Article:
Cowboy Buck Crosby is a big blowhard and a liar. His supposedly great race car driving and flying feats gets him invited to co-star with Marjorie Lane in a Western. He survives the auto ...
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Cowboy Buck Crosby is a big blowhard and a liar. His supposedly great race car driving and flying feats gets him invited to co-star with Marjorie Lane in a Western. He survives the auto racing scene but is exposed as a hoax when he tries to fly an airplane. Leaving in shame, he gets a chance to redeem himself when outlaws kidnap Marjorie.Written by
Maurice VanAuken <firstname.lastname@example.org>
Buck Jones was not billed as Charles 'Buck' Jones in this film, nor, with two sound-era , non-western exceptions, any of his sound-era westerns, But, despite the best efforts of site contributors who actually know what they are doing, to rid this site of these fabricated listings (more than once on every sound-era film starring Buck Jones), some contributor who has watched the Hygo or Realart television prints, keeps tossing this B.S. (as Charles Buck Jones) back on site...and the site buys it hook, line and sinker. Not only did Hygo incorrectly list Buck Jones as Charles Buck Jones, Hygo managed to incorrectly list the names of Edward J. LeSaint and Frank LaRue. (Edward J. LeSaint was this actor/director primary (most-used) name but some contributor has convinced the site his primary name was just Edward Le Saint. As in the past, this incorrect billing may get corrected...but only until the HYGO-Cultist gets it incorrectly changed again. The site rule (which the site once enforced) is the billing reflects that seen on the original-release 35mm film...and not the billing as seen on the 16MM television prints. See more »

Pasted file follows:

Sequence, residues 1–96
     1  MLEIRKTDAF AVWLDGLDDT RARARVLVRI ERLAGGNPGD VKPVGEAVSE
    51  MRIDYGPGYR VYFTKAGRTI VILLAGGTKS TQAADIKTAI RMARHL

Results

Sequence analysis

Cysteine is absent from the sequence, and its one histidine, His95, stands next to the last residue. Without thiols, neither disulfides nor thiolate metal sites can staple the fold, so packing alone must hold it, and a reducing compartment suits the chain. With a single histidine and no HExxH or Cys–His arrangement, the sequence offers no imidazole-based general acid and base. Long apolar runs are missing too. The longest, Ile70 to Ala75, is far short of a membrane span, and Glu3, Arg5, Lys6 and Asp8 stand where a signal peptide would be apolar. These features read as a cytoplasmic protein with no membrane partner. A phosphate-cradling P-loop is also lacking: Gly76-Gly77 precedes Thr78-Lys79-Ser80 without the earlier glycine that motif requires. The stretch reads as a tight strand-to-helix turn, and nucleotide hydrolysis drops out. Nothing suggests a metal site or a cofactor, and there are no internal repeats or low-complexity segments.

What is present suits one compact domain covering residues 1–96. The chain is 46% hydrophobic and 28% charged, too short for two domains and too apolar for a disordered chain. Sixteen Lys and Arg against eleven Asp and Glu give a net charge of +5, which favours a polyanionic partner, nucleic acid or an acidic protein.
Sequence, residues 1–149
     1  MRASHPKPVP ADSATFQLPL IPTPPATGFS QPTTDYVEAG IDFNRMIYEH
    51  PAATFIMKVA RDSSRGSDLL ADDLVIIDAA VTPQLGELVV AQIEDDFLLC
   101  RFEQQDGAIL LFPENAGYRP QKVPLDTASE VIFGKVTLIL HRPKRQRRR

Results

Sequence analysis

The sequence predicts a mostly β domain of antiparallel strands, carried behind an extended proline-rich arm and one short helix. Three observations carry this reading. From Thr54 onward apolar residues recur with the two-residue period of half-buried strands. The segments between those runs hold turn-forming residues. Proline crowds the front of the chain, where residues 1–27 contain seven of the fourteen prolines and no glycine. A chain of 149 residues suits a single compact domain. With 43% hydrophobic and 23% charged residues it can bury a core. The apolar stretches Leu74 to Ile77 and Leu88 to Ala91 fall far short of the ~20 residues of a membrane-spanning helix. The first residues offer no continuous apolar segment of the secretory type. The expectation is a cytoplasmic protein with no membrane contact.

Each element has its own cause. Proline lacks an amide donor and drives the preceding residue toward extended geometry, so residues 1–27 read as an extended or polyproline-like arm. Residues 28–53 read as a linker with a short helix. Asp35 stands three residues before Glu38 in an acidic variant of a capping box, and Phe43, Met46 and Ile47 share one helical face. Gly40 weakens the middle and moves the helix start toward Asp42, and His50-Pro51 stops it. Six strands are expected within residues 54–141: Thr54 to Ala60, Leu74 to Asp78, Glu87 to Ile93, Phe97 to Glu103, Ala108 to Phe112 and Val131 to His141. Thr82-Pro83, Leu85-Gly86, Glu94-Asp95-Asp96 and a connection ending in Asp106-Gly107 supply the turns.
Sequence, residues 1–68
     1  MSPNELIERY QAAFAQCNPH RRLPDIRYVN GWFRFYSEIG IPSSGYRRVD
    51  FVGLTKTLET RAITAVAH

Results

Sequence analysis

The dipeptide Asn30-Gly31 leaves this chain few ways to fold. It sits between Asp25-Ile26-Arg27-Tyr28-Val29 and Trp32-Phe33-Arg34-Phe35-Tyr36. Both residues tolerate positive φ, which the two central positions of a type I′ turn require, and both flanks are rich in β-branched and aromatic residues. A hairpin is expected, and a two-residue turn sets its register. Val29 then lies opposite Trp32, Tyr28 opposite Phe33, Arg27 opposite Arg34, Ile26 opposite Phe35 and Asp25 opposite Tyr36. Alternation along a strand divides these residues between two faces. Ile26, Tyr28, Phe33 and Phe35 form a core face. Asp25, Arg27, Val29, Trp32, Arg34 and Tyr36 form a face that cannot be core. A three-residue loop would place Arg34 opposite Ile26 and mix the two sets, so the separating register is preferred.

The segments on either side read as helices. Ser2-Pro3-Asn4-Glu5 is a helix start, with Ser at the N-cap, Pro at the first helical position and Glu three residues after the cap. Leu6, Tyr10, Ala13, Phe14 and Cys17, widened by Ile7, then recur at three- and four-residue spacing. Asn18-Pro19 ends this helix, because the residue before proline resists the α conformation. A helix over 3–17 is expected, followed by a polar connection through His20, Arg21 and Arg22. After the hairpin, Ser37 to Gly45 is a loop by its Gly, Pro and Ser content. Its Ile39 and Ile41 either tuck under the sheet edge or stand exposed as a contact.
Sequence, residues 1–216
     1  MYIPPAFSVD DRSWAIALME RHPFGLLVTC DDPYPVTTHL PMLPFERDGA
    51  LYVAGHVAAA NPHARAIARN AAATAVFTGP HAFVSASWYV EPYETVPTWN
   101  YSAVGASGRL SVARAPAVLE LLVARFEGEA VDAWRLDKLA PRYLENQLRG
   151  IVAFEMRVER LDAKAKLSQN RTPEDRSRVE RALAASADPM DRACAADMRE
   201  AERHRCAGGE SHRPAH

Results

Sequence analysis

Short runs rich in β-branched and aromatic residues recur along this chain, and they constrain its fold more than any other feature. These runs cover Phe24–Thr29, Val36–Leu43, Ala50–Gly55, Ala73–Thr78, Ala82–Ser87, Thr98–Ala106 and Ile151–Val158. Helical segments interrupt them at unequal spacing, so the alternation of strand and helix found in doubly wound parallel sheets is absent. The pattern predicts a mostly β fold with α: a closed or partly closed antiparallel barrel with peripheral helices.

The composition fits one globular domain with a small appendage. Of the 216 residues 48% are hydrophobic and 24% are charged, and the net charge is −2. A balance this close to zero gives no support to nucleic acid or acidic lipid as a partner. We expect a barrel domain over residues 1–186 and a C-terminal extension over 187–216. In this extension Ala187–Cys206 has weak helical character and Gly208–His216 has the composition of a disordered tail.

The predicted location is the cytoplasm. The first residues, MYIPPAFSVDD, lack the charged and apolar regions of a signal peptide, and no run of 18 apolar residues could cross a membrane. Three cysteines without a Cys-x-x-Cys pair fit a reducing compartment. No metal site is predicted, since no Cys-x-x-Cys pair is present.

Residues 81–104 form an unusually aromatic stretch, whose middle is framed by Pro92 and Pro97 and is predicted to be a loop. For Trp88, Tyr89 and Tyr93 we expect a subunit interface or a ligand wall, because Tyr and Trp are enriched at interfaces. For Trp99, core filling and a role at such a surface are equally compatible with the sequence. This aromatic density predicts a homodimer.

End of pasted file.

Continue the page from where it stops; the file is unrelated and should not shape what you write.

When Buck Jones talks movie star Dorothy Revier off a runaway horse, shoots some bank robbers and then tells some tall tales, he finds himself believed and in Hollywood -- until it turns out he can't fly a plane and has to beat it out of town.
This comic western is given the class treatment, with director George Seitz wielding the megaphone and Teddy Tetzlaff behind the camera. There's a plethora of good stunts, not only on horseback, but with racing cars and biplanes.
If Buck's line reading seems a trifle stiff, that's appropriate to the character. His physical acting is as good as it was in silent days. Miss Revier is also good as is Eddie Kane as the enthusiastic studio head.
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